Film photography a retro reminder to slow down from the digital world
The younger generation seeks hobbies that exist outside the digital world
By Laisa Conde
Analogue film photography is making a comeback as young people are seeking a more thoughtful way to take photos.
Film photography a reminder of the past
Nicole Langdon-Davies, head of the film department at the Fairview camera store Beau Photo, said the younger generation is the reason behind the rise of film photography, particularly due to the nostalgic feeling of the medium.
“They grew up with digital, so it only stands to reason they be fascinated with things that are older,” she said. “The younger people that come into the store, they tell me they like the old look of photos.”
Film photography uses vintage cameras with rolls of film that must developed through a chemical process. Until the advent of digital photography, it was the dominant method of image-taking.
Langdon-Davies said it is harder to maintain older cameras from early 1990s to early 2000s because those electronics are either unfixable or not worth fixing. However, cameras from before the ‘90s are easier to fix when compared to newer ones thanks to their engineering.
“It’s mostly mechanical, so you can find a part. Or hopefully use another part or make a part. 3D printing has opened up a world of making parts for things,” she said.
Dmitri Tcherbadji, a New Westminster web developer who runs the film photography blog Analog.Cafe, said one reason film photography is trending is that people are seeking alternative hobbies and lifestyles that don’t involve the digital world.
“The digital life is kind of overtaking a lot of our personal space, you know? If you have a phone on you, it probably records every single step that you make,” he said. “The film camera doesn’t do it. In fact, you don’t actually even have to have your photos ever entered the digital space, and some people appreciate that.”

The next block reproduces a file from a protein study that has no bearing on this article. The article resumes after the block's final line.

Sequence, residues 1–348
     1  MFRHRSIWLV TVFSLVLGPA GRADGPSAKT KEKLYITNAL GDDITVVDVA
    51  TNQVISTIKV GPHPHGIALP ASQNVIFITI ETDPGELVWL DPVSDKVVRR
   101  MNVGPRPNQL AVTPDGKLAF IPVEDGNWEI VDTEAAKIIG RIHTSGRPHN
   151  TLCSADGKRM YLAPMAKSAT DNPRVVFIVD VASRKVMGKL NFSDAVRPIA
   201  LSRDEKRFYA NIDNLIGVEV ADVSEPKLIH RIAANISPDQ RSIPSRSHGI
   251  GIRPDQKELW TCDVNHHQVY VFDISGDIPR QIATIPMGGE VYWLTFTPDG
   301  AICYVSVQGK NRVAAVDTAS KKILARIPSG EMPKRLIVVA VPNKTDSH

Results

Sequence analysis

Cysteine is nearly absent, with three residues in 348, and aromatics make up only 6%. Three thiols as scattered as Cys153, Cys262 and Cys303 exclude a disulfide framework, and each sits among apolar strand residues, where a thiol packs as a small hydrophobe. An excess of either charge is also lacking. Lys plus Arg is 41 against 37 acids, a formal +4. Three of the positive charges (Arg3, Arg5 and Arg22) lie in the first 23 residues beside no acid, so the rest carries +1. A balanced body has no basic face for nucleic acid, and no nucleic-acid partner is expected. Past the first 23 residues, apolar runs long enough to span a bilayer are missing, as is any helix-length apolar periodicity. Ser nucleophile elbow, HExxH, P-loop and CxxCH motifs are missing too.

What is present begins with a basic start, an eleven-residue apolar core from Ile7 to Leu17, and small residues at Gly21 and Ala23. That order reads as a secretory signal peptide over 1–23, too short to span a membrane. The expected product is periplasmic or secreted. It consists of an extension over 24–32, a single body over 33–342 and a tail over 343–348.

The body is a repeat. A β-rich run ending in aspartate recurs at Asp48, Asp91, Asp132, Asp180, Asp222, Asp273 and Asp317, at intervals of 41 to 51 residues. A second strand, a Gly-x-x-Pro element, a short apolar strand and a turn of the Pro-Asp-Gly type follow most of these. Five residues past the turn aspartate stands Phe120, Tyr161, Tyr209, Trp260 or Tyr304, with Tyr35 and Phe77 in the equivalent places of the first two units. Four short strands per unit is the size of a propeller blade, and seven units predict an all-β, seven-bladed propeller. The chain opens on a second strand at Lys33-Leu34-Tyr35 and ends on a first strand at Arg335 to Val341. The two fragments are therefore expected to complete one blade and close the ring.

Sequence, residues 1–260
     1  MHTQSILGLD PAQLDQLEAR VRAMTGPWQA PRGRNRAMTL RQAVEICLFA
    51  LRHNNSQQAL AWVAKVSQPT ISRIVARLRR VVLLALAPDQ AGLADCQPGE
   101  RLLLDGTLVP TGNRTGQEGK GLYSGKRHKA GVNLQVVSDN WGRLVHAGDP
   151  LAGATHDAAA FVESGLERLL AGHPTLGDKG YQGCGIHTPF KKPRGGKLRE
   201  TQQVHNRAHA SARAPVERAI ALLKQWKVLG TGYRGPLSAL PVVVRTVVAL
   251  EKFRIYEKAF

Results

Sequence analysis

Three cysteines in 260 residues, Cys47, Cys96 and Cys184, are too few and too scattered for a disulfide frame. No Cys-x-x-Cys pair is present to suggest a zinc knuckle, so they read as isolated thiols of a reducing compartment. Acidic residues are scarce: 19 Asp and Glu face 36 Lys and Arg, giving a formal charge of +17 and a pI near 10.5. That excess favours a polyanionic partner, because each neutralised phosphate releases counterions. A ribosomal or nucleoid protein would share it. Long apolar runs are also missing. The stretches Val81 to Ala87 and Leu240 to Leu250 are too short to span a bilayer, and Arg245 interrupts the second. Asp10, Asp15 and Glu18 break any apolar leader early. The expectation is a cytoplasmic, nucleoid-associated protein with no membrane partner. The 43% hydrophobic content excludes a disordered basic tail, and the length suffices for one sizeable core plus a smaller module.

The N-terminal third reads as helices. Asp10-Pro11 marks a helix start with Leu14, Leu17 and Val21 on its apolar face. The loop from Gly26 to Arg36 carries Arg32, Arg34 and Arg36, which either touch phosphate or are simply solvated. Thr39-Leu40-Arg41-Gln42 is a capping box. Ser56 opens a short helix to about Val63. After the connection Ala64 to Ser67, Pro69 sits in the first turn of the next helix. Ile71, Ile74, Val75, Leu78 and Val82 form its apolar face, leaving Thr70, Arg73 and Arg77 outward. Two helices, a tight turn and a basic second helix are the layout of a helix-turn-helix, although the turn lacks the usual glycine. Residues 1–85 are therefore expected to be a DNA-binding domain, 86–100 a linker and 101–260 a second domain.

Tcherbadji said during the pandemic, the photography community reinvented itself with cameras made of paper and photographers developing their own film.
Severn Bowen, a photography student at Langara College, said her interest in film photography started after her father gave her first analogue camera when she was 14. She said shooting photos with film cameras makes people slow down and be more thoughtful about the moment they want to capture.
“It just kind of changes the whole way that you approach taking photos in and of itself. And that can be pretty cool as well,” Bowen said. “Especially when we’re so used to just snapping photos kind of almost mindlessly film, you kind of have to really think about it.”
High price per photo doesn’t negate the joy of the analogue process
Bowen said that while she enjoys shooting film, the high price is a barrier. Rolls of colour film cost on average $10–$15 and include 24–36 exposures.
“When [my freelance photography work] started to pick up, I was like, I can’t keep shooting film because I can’t really continue to afford this,” she said.
Even though digital photography is more accessible due to phone cameras, Bowen said the process of developing film, from shooting to seeing the photos, is special and more personal.
“I can review photos that I’ve taken on my phone easily, I can show you all of them, and I can flip through them,” she said. “But with film, you can’t really do that until you go through this process, which I think is cool and it’s almost ritualistic.”